We can develop structure in our lives by looking at decisions we have to make every day – and then eliminate those decisions by making a choice and sticking to it. With fewer hours spent on attempting to make sensible decisions, we conserve some of our ego strength. The author has many structures that help him stay on top. He only wears khaki pants and green polo shirts to work, so he never has to deliberate over an outfit. And he delegates all his travel decisions to an assistant, so he doesn’t have to deal with one of the most stressful decision-making aspects of his job.
Structures may help us govern the parts of our lives that we can predict. But what about the unpredictable events of our day, the situations in which we need the most guidance? The environment is, after all, full of surprise triggers. This is where active questions come back into play.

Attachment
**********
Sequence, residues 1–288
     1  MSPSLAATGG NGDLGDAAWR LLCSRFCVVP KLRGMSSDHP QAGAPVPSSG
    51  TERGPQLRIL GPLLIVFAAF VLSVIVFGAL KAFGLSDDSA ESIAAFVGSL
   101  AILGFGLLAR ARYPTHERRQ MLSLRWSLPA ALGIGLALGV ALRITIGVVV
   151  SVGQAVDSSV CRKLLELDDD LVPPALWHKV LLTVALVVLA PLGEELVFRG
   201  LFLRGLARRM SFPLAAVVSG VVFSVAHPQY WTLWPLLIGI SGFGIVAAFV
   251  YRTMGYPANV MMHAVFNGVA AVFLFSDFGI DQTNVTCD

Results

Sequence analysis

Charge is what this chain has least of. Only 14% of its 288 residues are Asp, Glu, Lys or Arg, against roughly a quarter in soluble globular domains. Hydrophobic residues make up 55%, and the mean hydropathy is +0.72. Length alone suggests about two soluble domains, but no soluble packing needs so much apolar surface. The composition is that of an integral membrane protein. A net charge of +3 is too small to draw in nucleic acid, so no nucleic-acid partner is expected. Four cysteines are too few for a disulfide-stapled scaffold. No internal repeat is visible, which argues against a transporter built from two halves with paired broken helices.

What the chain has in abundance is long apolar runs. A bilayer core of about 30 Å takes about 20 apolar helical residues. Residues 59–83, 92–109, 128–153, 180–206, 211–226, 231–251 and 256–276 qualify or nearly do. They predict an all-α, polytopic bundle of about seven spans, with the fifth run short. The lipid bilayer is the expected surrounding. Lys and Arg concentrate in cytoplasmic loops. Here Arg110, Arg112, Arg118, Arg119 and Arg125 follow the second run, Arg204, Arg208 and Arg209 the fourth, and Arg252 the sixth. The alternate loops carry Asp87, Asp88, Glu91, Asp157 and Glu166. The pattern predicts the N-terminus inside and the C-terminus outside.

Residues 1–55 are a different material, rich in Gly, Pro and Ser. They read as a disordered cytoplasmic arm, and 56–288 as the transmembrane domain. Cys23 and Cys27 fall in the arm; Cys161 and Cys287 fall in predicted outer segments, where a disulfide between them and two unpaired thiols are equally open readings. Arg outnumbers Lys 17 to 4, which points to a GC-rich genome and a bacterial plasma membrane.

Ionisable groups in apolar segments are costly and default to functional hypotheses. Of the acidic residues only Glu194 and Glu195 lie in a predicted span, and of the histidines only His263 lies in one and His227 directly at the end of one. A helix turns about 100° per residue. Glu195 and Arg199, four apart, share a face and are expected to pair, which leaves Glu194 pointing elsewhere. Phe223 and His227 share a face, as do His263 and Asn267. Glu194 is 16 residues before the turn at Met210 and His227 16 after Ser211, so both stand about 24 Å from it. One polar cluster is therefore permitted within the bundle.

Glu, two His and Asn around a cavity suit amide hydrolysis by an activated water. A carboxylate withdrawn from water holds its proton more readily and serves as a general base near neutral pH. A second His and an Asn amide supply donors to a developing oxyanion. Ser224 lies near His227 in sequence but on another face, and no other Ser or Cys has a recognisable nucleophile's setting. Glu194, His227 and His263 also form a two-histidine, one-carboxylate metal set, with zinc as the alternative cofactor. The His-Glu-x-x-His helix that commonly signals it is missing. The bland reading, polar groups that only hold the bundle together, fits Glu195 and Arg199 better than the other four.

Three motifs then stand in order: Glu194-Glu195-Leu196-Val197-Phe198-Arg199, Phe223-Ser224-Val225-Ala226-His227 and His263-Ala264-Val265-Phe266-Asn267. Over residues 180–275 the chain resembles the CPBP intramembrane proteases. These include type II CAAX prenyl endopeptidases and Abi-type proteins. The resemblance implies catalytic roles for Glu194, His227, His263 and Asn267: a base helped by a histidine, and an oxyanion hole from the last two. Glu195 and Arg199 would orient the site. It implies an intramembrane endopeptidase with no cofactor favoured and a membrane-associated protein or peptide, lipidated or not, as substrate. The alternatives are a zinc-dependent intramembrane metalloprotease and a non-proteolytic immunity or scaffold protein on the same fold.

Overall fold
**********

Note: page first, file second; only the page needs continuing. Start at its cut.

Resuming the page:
Become aware of the entire circle that leads to new triggers.
Never changing a thing makes for a static and boring life. To avoid this, you’ve got to develop awareness. Only then can you truly grasp when and how change is needed. Raise your awareness by asking the six engaging questions.
Did I do my best to set clear goals?
Did I do my best to make progress toward my goals?
Did I do my best to find meaning?
Did I do my best to be happy?
Did I do my best to build positive relationships?
Did I do my best to be fully engaged?
These active questions keep us aware of our triggers and of how well we’re managing them. This in turn increases our engagement and commitment to creating change in our lives. If you keep this up, you’ll create a circle of engagement that helps maintain positive change. The circle of engagement refers to the reciprocal interplay between us and our environment. A trigger (often environmental) leads to an impulse, which leads to awareness, which leads to choice, which leads to a behaviour, which leads to a new trigger, and so on.